Tony Romo arrived in Dallas in 2003 as an unknown, undrafted player from Eastern Illinois. On Thursday, the Cowboys will release the 14-year veteran into free agency for the first time in his career.

NFL Network Insider Ian Rapoport and NFL Network’s Jane Slater reported that the Cowboys have told Romo that he will be released, according to a source informed of the decision. When the new league year starts Thursday at 4 p.m. ET, Romo will be free to sign with any team he chooses.

The decision ends a season-long drama that followed Romo’s back injury suffered during a late August preseason game. After Dak Prescott emerged as the Cowboys‘ next savior at quarterback, the only real question was when and how Romo would leave town.

The timing of the release allows Romo to select a new home in short order and should create more flexibility with potential landing spots. Rapoport reported Wednesday the Broncos and Texans are “very interested suitors” and will be fighting over a quarterback for the second straight offseason. The Texans “won” the battle to sign Brock Osweiler last March and they are looking for quarterback help once again after Osweiler went bust.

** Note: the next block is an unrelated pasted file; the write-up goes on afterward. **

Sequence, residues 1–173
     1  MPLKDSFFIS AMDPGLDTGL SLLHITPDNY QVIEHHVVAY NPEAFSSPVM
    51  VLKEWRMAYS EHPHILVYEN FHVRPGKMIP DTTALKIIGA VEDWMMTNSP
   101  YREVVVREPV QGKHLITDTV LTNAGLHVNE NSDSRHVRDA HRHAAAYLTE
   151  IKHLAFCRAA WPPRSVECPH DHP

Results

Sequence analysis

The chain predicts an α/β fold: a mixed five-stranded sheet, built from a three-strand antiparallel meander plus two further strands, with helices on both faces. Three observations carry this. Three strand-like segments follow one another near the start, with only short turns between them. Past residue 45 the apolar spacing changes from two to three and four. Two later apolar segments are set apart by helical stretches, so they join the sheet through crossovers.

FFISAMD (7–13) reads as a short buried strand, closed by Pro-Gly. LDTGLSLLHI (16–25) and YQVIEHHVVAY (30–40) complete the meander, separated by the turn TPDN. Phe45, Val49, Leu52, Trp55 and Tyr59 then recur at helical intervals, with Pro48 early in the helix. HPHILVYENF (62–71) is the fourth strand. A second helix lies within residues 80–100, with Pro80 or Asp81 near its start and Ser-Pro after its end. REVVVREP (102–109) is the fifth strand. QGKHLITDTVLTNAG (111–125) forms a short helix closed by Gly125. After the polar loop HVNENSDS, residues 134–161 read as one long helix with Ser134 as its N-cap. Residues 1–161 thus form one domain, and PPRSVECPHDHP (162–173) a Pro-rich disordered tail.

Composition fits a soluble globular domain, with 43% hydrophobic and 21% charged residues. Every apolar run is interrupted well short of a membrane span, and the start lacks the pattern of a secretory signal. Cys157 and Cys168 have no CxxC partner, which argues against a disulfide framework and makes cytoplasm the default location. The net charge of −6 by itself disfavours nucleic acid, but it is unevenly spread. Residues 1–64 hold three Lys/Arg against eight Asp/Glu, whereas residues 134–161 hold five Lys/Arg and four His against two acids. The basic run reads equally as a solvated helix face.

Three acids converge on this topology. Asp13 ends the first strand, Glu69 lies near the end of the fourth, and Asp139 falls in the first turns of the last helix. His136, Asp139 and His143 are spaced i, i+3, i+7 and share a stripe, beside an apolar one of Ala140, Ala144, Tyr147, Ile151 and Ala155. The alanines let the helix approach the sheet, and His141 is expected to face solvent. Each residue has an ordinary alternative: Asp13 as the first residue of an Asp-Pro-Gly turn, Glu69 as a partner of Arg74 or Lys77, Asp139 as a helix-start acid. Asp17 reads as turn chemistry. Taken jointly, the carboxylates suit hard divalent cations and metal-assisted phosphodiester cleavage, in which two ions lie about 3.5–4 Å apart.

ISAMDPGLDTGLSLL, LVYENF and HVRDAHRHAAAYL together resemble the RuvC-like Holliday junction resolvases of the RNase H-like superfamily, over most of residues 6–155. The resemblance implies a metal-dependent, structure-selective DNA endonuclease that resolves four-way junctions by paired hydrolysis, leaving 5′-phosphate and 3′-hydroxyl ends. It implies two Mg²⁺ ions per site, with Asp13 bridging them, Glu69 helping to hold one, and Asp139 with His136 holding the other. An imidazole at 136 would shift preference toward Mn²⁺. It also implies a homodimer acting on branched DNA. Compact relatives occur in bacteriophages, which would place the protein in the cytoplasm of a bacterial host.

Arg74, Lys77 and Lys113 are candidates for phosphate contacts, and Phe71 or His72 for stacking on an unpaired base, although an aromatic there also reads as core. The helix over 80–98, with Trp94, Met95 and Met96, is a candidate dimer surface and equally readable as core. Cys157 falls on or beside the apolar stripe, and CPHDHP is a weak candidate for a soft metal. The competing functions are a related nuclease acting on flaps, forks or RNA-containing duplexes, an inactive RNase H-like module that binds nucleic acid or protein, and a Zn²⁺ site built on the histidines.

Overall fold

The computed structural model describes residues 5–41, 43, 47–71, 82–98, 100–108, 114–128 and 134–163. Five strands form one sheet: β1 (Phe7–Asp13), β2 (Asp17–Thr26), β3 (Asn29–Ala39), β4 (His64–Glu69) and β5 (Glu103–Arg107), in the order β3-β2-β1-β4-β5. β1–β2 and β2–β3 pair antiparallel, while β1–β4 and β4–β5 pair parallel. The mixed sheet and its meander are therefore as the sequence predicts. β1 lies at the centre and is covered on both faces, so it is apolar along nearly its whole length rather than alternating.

Clearly, the Cowboys were not confident in their ability to inspire any trade compensation for him, especially under the terms of his previous contract. Romo was set to make $14 million in 2017 with the Cowboys. He may wind up making that money this season elsewhere, but any contract will likely build in protections for injury.

Romo didn’t even last three series in the 2016 preseason before suffering a compression fracture in his back. Romo also broke his clavicle in 2015 and has not played more than two games in a row since the 2014 season. Romo is a huge injury risk for any team that signs him, having also undergone previous disk surgery, two transverse process fractures and a cyst removal from his spine.